“Next year could be affected by other cost blow-outs too, which could adversely affect employment and services if the spending allocation is strictly adhered to,” he said.
Dr Phillip Toner, Senior Research Fellow in the Department of Political Economy at the University of Sydney told AAP FactCheck in an email that the opposing claims “may be a classic case of ‘damned lies and statistics’ in that both sides may be using published data that suits their particular causes”.
“It may be difficult to say whose view is ‘correct’ or whose interpretation should be given more weight,” he said.
Separate to the debate about the different budget figures, the FBEU has also argued that the NSW Government’s Labour Expense Cap – a 2.5 per cent annual limit on employment costs imposed on many agencies in 2013 – is also an effective cut to its budget as any costs above the cap must be met from within the existing budget.
Mr Drury argues that the Labor Expense Cap requires $21 million in savings to be found and claims it is “crippling FRNSW”.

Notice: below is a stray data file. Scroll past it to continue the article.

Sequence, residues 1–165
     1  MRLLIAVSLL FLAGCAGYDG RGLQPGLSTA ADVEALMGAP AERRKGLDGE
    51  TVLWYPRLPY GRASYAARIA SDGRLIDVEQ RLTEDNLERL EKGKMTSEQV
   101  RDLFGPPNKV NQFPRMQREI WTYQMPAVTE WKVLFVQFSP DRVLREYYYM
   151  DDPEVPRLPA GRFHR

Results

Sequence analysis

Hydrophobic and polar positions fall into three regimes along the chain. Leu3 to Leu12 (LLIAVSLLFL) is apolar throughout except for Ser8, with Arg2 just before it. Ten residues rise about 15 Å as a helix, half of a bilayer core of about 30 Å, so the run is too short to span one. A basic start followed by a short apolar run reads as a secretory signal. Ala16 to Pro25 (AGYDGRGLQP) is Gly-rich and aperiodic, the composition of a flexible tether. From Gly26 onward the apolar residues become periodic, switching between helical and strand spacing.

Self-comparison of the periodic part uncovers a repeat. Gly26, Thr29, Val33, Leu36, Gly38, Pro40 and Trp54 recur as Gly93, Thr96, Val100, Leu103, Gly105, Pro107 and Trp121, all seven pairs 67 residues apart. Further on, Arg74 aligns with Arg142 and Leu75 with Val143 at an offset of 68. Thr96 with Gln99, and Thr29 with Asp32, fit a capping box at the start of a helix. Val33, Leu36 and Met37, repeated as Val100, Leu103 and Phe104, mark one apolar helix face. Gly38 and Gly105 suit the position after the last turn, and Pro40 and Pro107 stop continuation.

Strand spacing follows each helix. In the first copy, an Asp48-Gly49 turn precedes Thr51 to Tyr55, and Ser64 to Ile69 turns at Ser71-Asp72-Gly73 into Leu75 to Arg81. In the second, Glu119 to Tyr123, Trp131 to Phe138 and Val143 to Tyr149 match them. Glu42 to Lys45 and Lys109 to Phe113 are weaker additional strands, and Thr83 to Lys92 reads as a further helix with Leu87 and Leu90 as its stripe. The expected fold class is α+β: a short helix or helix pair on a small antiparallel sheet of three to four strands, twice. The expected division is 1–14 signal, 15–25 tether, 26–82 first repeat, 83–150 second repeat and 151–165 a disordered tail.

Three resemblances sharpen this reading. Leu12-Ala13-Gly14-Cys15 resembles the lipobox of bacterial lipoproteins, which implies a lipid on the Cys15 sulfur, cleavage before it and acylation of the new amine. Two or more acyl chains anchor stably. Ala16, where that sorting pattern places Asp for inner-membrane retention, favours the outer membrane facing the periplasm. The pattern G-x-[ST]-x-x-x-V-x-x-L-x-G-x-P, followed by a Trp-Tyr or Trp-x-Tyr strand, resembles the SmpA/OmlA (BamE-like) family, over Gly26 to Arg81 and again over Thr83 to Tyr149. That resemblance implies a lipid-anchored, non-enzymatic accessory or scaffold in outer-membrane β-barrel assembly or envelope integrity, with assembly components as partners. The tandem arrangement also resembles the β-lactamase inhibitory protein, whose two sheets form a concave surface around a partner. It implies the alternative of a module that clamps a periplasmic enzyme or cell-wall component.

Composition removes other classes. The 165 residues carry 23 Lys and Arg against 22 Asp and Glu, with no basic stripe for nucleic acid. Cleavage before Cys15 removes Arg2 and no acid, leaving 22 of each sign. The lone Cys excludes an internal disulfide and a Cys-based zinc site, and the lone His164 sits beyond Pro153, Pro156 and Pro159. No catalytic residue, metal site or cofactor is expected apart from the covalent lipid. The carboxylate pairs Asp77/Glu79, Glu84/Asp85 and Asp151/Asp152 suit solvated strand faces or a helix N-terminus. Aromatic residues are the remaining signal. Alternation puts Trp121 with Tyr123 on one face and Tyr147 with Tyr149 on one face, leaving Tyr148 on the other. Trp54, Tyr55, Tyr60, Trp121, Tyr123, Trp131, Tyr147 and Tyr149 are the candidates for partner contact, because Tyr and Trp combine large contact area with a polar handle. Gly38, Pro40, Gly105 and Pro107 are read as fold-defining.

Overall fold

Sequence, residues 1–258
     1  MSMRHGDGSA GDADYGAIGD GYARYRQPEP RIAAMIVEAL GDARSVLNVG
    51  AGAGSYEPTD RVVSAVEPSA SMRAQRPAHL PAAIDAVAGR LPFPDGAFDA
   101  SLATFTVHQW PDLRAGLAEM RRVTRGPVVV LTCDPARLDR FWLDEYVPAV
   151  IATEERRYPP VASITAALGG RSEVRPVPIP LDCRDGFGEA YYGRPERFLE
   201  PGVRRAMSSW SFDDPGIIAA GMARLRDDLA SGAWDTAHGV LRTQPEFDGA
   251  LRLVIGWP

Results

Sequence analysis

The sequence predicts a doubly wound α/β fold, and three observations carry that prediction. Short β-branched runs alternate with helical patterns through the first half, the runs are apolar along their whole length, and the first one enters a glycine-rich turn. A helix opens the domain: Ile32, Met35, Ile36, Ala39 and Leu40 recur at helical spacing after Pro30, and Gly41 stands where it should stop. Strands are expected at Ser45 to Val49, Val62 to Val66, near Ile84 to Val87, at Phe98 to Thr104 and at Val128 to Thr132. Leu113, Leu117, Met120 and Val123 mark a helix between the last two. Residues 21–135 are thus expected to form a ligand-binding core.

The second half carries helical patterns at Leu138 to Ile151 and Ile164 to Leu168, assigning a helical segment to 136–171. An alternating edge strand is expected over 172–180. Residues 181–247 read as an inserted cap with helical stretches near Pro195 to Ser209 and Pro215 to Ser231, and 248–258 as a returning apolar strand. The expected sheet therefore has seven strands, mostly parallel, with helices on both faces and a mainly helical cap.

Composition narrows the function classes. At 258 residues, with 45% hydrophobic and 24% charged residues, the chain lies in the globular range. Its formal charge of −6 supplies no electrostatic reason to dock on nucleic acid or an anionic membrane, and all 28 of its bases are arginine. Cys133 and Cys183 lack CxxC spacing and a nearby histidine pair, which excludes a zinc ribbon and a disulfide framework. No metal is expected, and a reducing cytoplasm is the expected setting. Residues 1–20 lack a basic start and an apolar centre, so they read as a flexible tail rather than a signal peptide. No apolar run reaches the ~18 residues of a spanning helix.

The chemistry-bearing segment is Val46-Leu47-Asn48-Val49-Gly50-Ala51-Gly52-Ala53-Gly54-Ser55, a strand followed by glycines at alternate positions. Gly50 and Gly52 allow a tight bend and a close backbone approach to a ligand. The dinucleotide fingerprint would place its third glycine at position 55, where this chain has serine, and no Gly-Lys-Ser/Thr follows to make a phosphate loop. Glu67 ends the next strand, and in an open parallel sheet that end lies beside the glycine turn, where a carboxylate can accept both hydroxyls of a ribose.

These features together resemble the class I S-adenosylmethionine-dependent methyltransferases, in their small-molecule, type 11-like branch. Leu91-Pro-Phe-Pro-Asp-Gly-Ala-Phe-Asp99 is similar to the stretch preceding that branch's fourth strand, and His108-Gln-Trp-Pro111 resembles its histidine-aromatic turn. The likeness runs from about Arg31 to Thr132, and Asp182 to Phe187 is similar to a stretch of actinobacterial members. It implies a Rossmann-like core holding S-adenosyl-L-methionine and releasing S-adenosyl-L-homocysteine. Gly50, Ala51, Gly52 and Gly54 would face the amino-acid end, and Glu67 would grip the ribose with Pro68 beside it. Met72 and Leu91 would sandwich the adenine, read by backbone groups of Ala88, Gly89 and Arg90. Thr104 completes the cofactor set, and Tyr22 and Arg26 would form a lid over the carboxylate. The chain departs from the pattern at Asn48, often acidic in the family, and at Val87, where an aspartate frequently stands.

Trish Doyle, the NSW Labor opposition’s emergency services spokeswoman, has said firefighters “must find more than $20 million a year to cut from their already lean budgets” under the cap, which they were not exempt from, unlike teachers, police and nurses.
Based on the evidence, AAP FactCheck has concluded the claim that $12.9 million has been cut from the FRNSW recurrent budget is ambiguous. A comparison shows the Fire and Rescue NSW expenses budget for 2019/20 is indeed $12.9 million less than the eventual amount that was allocated in 2018/19. However, it is also correct that the budget for 2019/20 did have more recurrent funding allocated to FRNSW than the budget for 2018/19.
Economists consulted by AAP FactCheck have stated that the higher actual funding in 2018/19 does indicate an effective cut in the 2019/20 budget, but have added a caveat that any funding that should be considered one-off complicates the issue. Further complicating the situation is we are yet to see what additional funding, if any, the state government gives to FRNSW at this year’s budget half-yearly review, which is expected in December.
Ambiguous – It is not possible to determine the veracity of the statement, or it has an equal weighting of true and false elements.
First published November 15, 2019 16:58 AEST